Are We Still Rolling?

Publié le par olivier


Titre : Are We Still Rolling?: Studios, Drugs And Rock'n'Roll - One Man's Journey Recording Classic Albums 

Auteur : Phill Brown

Date de publication : 2011

Editeur : Tape Op (UK)

Type : Essai

Are We Still Rolling?

This is not a technical manual (although it will certainly function as one) - it’s a contemporary thriller. Phill Brown is a sound engineer. It’s a mystery, even to people in the music business, as to exactly what a sound engineer does - are they part of the creative process or merely technicians? In the past 30 years, recording studios have moved from the engine room of a submarine to the bridge of a starship baffling the outsider - although recording music will always be the same un-guessable adventure. That’s what Phil Brown has written here - an adventure story. Look at the chapter headings. Laid out in the form of a diary, he takes us through the crazy journey that is making music. Not as an academic journal, but as a spiritual experience. With his laconic navigation, we’re steered through the centre of the ego hurricanes of creative madness. He is the Jiminy Cricket of recording sessions, and his excellent recollections of the excesses of morons and geniuses involved in creating melodies and rhythms for us to enjoy are sheer entertainment. It’s a “how-to” book and a love story! A self-driven need to understand why creative people do what they do, and how to survive it and them.

Robert Palmer, 1997 

Are We Still Rolling?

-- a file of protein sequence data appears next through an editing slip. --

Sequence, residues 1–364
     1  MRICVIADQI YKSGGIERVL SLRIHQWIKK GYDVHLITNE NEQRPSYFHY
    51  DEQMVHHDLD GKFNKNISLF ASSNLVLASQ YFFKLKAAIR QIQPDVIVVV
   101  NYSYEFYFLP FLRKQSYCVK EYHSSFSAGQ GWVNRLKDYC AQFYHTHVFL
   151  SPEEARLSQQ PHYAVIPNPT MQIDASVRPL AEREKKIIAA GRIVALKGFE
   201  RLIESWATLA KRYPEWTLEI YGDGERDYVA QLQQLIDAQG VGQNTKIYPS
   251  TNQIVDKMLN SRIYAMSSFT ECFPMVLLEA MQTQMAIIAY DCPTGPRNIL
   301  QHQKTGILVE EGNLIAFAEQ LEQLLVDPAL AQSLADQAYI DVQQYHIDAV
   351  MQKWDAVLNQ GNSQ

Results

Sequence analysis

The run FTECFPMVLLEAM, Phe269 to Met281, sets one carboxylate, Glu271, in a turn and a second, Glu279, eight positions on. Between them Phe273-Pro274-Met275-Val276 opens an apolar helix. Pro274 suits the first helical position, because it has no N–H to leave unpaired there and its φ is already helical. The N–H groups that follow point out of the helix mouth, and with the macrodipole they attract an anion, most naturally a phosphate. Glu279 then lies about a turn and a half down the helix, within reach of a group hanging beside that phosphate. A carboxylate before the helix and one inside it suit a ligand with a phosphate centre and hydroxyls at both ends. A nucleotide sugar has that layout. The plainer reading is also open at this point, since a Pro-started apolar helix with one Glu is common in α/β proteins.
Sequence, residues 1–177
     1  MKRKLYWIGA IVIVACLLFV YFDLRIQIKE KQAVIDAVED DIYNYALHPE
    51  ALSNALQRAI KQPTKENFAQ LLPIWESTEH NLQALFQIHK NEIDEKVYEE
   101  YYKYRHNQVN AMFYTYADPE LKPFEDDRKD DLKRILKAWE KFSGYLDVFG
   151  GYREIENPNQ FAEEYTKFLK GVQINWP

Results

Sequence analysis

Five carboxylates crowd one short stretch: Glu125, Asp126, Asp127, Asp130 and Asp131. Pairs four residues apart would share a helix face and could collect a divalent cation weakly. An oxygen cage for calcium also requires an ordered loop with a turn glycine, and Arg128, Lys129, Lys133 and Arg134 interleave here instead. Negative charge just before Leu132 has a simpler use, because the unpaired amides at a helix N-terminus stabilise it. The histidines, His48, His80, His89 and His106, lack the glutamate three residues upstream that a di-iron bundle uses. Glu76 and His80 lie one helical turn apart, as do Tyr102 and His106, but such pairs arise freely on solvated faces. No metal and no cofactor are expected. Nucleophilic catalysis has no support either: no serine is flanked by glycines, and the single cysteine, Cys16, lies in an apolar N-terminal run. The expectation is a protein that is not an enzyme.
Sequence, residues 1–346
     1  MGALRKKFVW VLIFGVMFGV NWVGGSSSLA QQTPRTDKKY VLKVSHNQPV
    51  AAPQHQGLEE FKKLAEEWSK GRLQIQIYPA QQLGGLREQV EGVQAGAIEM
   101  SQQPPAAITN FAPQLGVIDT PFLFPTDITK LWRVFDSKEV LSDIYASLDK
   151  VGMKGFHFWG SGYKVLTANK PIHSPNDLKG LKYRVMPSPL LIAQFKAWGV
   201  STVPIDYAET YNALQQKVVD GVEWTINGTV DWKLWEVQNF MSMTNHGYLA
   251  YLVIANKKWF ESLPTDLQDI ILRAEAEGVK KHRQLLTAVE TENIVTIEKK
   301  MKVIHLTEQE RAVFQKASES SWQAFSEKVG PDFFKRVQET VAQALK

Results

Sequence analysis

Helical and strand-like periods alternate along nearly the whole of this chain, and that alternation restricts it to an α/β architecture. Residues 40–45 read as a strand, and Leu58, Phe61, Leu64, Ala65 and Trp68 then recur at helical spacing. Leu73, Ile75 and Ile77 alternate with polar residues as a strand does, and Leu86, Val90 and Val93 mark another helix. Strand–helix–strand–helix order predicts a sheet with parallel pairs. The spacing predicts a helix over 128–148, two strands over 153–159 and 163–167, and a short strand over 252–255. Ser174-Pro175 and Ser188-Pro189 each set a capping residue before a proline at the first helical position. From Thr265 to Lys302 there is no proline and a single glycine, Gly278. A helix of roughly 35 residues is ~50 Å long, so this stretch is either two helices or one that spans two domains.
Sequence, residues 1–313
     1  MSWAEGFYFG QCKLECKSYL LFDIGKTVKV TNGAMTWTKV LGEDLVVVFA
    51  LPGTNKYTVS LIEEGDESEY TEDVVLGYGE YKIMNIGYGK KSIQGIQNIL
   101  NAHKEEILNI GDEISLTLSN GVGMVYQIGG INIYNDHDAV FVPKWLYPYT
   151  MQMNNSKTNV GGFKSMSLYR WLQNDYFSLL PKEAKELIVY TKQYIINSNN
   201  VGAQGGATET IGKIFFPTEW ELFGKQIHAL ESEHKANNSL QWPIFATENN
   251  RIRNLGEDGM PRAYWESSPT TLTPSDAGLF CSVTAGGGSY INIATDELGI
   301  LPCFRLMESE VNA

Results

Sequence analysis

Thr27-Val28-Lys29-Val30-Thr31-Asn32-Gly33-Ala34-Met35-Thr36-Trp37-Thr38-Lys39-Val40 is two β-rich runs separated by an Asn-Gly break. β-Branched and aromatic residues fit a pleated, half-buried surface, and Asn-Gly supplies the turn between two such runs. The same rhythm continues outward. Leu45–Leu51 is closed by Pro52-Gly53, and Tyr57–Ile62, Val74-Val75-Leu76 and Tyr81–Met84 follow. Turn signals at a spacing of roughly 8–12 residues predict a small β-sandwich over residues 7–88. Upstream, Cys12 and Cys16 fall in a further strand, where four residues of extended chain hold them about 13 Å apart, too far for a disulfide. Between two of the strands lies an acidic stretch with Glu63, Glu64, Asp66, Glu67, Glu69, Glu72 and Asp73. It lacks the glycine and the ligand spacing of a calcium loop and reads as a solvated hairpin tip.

In the spring of 1995 I was in hospital having 12 inches of colon removed – an experience I can’t recommend despite the considerable skill of Mr. Chilvers, the surgeon at St Anthony’s Hospital, Cheam, in Surrey. It seemed that my lifestyle had finally caught up with me. The two consultants and the other doctors I came into contact with were all in agreement about the cause of my predicament. As one of them said, “Mr. Brown, this situation has been created by your long working days, poor diet, sedentary lifestyle and the combination of continuous adrenaline rushes and intense stress. The old saying ‘bust a gut’ comes to mind.” During my seven-day stay at St. Anthony’s and previous two weeks of purgatory in a hospital in Tunbridge Wells, I had plenty of time to contemplate what I realised with surprise was nearly 30 years in the music industry. The doctors were right – my present poor state of health was in many ways the legacy of this career. However, considering the abuse that my system had suffered and the high casualty rate among my many friends and acquaintances, I reflected that my situation could have been a lot worse. At least I was still alive, which was a good position from which to start my recovery. While lying in my hospital bed with a drip in my arm and a cocktail of, for once, completely legal drugs pouring through my body, I consoled myself by recalling the more enjoyable projects I had been involved with. I had worked with some of the greatest acts in the business, including Jimi Hendrix, Joe Cocker, Traffic, Spooky Tooth, Jeff Beck, Led Zeppelin, Robert Palmer, Bob Marley, Steve Winwood, Harry Nilsson, Atomic Rooster, Stomu Yamashta, John Martyn, Little Feat, Roxy Music and Talk Talk.